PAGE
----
• Of course I remember you Kristen 🙂 You were also in my 5th grade class I think lol.

      I’m glad you enjoyed the post! Surprisingly there are some people who don’t know who Cary Grant is. Some people haven’t even heard of John Wayne! Now that is sad.


  4. Hi
    I found your blog through looking for a picture of Robert Stack, one of the best looking guys ever.
    I am a huge old movie fan, I have heaps of classic movies in my collection including Deanna Durbin, Mickey Rooney, Bette Davis and mony others you have mentioned in your blogs. I have just read through them, I think they are fantastic 🙂
    I am a big Billy Wilder fan.
    Would love to have a chat some time, didnt know there were others out there who liked the movies I like.


    • Thanks! I really like Deanna Durbin and Bette Davis as well. I’ve really enjoyed watching all the Andy Hardy movies on TCM this month for Mickey Rooney month.
      Hope you keep reading! Always glad to find another classic film fan 🙂


  5. I myself am a huge fan of films of the 20th century, even though my mom does not seem to be too proud of the fact that I am a raving fanatic of Deanna Durbin and Barbara Stanwyck. Carole Lombard is wonderful in the few movies that I have seen her in, and as soon as a long weekend comes along, I am going to try to watch some more of her pictures. I may like some mainstream films, but I also really like some rare gems: a great Lubitsch picture, a couple of (the better written) pre-codes, and an occasional off-beat but entertaining movie that combines mystery, comedy, and trains. I doubt that I will ever actually meet someone my age who knows anything about classic cinema other than a certain fellow who signed my school yearbook many moons ago with a reference to Shadow of a Doubt.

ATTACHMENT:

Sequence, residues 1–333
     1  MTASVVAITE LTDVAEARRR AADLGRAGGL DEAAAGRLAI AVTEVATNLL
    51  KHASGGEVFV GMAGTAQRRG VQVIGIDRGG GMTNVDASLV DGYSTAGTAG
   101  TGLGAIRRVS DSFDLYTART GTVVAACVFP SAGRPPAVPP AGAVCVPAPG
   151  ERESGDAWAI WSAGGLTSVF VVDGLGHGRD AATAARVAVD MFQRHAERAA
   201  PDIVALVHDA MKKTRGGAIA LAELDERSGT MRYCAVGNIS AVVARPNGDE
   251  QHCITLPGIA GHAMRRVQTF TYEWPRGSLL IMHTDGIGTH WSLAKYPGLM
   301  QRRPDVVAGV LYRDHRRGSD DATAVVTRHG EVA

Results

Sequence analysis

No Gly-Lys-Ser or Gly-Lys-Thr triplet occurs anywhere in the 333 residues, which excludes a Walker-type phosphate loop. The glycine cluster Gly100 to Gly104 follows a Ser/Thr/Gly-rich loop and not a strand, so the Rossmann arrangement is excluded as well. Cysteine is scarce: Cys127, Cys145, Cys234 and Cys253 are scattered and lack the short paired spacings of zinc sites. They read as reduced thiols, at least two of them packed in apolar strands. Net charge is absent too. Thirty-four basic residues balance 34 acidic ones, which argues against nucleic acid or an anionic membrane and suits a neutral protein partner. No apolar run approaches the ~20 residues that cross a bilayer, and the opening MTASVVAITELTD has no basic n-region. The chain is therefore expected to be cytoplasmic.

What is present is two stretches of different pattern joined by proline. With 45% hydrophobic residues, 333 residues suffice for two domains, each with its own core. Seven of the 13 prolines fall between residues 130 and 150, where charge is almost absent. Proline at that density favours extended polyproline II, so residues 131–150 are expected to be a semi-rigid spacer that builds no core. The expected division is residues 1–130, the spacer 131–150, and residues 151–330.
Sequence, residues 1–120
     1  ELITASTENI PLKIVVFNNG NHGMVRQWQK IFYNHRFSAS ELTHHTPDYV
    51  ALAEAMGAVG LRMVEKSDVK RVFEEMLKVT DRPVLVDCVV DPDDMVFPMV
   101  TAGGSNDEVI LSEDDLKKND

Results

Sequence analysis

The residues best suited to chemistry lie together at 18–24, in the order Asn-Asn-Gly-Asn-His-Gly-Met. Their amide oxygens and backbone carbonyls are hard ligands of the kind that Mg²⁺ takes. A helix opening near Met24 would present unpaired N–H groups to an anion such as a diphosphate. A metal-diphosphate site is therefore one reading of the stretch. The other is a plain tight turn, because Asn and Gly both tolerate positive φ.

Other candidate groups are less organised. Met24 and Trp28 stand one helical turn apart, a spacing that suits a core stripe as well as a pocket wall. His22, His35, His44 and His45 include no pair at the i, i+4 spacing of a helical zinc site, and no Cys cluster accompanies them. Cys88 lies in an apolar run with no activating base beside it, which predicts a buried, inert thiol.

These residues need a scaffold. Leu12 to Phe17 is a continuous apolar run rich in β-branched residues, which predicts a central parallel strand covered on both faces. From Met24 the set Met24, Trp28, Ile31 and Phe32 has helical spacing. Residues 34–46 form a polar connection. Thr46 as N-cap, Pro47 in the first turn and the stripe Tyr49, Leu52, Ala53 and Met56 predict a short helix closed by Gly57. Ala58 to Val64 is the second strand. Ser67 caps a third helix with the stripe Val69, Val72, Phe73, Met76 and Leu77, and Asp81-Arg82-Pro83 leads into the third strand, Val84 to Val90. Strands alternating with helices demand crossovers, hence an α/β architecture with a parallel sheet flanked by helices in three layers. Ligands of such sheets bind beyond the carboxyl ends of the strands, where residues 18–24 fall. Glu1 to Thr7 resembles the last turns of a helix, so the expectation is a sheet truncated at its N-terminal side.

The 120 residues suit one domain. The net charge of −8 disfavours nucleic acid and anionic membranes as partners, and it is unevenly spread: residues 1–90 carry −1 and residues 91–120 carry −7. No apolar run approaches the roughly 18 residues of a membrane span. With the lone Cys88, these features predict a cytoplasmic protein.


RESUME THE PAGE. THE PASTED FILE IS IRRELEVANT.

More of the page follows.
6. Uh, this is awesome…especially the list of what constitutes a class film fan…you got the basic right, very nicely done! (Now I gotta make sure I can adequately answer those questions 😉


  7. I’m surprised THE SEARCHERS is as run-of-the-mill classic as GWTW or Casablanca. You know THAT group with It’s a Wonderful LIfe, Sound of Music, Singin in the Rain, Citizen Kane, and Wizard of OZ. I thought THE SEARCHERS would be a little more “advanced beginner” or “intermediate” maybe along the lines of Stagecoach or Key Largo.


    • “Advanced beginner;” I like that!
      I have to say, five years after originally writing this post, I am inclined to agree with you. I guess at the time I felt for some reason like it was one of those movies everyone talked about.
      Thank you for stopping by!